Monday, October 23, 2017. Chevron Auditorium, I-House Panelists: Suzanne Nosel - Executive Director of PEN America; Erwin Chemerinksy - Berkeley Law Dean, Constitutional Law Scholar; DeRay Mckesson - Civil Rights Activist and Commentator; Rigel Robinson - External Affairs Vice President, Associated Students of the University of California; and Abdi Soltani - Executive Director, ACLU of Northern California.
Now more than ever, it's important to look boldly at the reality of race and gender bias -- and understand how the two can combine to create even more harm. Kimberlé Crenshaw uses the term "intersectionality" to describe this phenomenon; as she says, if you're standing in the path of multiple forms of exclusion, you're likely to get hit by both.
Millions of Americans have served in the Iraq and Afghanistan wars, and we will never know most of their names. One Iraq Veteran, Alex Horton, writes a note to his younger self. CBS New Note to Younger Self. Nov. 9, 2012.
"I was the mystery of an anatomy, a question asked but not answered," says poet Lee Mokobe, a TED Fellow, in this gripping and poetic exploration of identity and transition. It's a thoughtful reflection on bodies, and the meanings poured into them.
Three leaders of very significant movements of our time talked about how to build bridges across social movements and solidarity movements that expand the notion of We and Belonging in order to win the world that we want to have. The panel took place at the the Haas Institute for a Fair and Inclusive Society's 2017 Othering & Belonging Conference in Oakland.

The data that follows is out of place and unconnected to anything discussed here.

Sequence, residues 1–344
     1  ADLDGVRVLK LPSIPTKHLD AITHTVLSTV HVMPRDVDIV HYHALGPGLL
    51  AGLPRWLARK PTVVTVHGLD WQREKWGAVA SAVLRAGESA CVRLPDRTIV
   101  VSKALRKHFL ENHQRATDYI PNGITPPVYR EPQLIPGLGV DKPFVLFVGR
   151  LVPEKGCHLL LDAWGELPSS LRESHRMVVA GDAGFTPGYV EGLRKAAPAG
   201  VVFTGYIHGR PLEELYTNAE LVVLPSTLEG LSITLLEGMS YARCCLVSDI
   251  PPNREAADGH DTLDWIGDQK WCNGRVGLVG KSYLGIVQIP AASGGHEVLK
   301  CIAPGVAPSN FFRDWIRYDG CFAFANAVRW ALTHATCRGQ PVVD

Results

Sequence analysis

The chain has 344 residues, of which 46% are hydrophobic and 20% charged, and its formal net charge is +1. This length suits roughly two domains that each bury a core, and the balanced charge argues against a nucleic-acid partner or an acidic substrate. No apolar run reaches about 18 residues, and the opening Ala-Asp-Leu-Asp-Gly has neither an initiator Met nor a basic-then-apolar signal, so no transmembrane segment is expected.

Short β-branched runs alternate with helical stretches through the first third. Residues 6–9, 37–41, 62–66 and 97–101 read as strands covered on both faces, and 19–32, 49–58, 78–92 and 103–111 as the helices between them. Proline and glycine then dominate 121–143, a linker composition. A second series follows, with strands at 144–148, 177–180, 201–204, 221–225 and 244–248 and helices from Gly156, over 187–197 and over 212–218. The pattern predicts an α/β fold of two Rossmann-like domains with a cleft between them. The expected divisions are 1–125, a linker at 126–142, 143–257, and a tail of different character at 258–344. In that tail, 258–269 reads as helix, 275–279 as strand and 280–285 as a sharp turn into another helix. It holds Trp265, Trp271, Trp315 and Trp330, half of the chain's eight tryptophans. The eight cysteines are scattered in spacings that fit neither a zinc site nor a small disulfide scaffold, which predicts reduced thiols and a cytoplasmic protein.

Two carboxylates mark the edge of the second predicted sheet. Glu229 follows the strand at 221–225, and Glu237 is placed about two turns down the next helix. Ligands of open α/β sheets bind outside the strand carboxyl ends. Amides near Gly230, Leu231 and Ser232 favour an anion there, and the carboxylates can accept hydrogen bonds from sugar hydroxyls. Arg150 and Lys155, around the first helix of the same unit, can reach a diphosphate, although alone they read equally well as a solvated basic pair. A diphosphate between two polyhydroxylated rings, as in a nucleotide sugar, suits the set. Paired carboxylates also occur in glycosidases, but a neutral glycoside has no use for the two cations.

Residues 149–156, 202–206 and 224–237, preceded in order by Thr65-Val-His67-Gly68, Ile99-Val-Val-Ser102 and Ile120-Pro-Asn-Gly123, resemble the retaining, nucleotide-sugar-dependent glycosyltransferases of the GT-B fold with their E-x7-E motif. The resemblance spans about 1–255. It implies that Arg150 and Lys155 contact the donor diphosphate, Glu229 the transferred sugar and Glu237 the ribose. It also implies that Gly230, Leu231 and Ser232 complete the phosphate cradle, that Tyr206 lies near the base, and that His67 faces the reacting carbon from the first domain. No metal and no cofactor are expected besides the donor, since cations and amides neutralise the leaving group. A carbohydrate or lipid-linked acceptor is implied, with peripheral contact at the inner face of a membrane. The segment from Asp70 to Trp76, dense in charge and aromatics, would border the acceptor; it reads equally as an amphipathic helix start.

This talk was suggested by Sarah Funes, a political science major. Stella Young is a comedian and journalist who happens to go about her day in a wheelchair — a fact that doesn't, she'd like to make clear, automatically turn her into a noble inspiration to all humanity. In this very funny talk, Young breaks down society's habit of turning disabled people into "inspiration porn."
Dreamers are our neighbors, our colleagues, and our classmates. They represent the best of the dream that my parents and most of our ancestors had when they came to America: To make a better life for themselves, and for their kids.
The Department of Gender & Women's Studies (GWS) hosted Alicia Garza for our 2017 Keynote Lecture on October 5th. The talk was moderated by GWS Professor Minoo Moallem, and was followed by a panel discussion with Professor Paola Bacchetta (GWS), Professor Russell Robinson (Law), and Associate Professor Leigh Raiford (African American Studies).
26 years after law professor Anita Hill testified to Congress that she was sexually harassed by Supreme Court nominee Clarence Thomas, she joins The Washington Post’s Libby Casey to talk about the slow pace of change and today’s #MeToo movement.
Alice Dreger works with people at the edge of anatomies, such as conjoined twins and intersexed people. In her observation, it's often a fuzzy line between male and female, among other anatomical distinctions. Which brings up a huge question: Why do we let our anatomy determine our fate?
Native activist Dallas Goldtooth on the irony of being told you're trespassing on your own land at Standing Rock. "We’re being persecuted protecting our land that was stolen from us." (Fusion - Nov. 1, 2016)
The comedian, writer and host of Comedy Central's "The Daily Show," speaks about race and identity in America with New York Times journalist John Eligon. This event was filmed live at Northwestern University.
UC Berkeley faculty members shared conflicting viewpoints on the issues of hate speech and white supremacy at a panel on free speech hosted by Chancellor Carol Christ on September 8, 2017.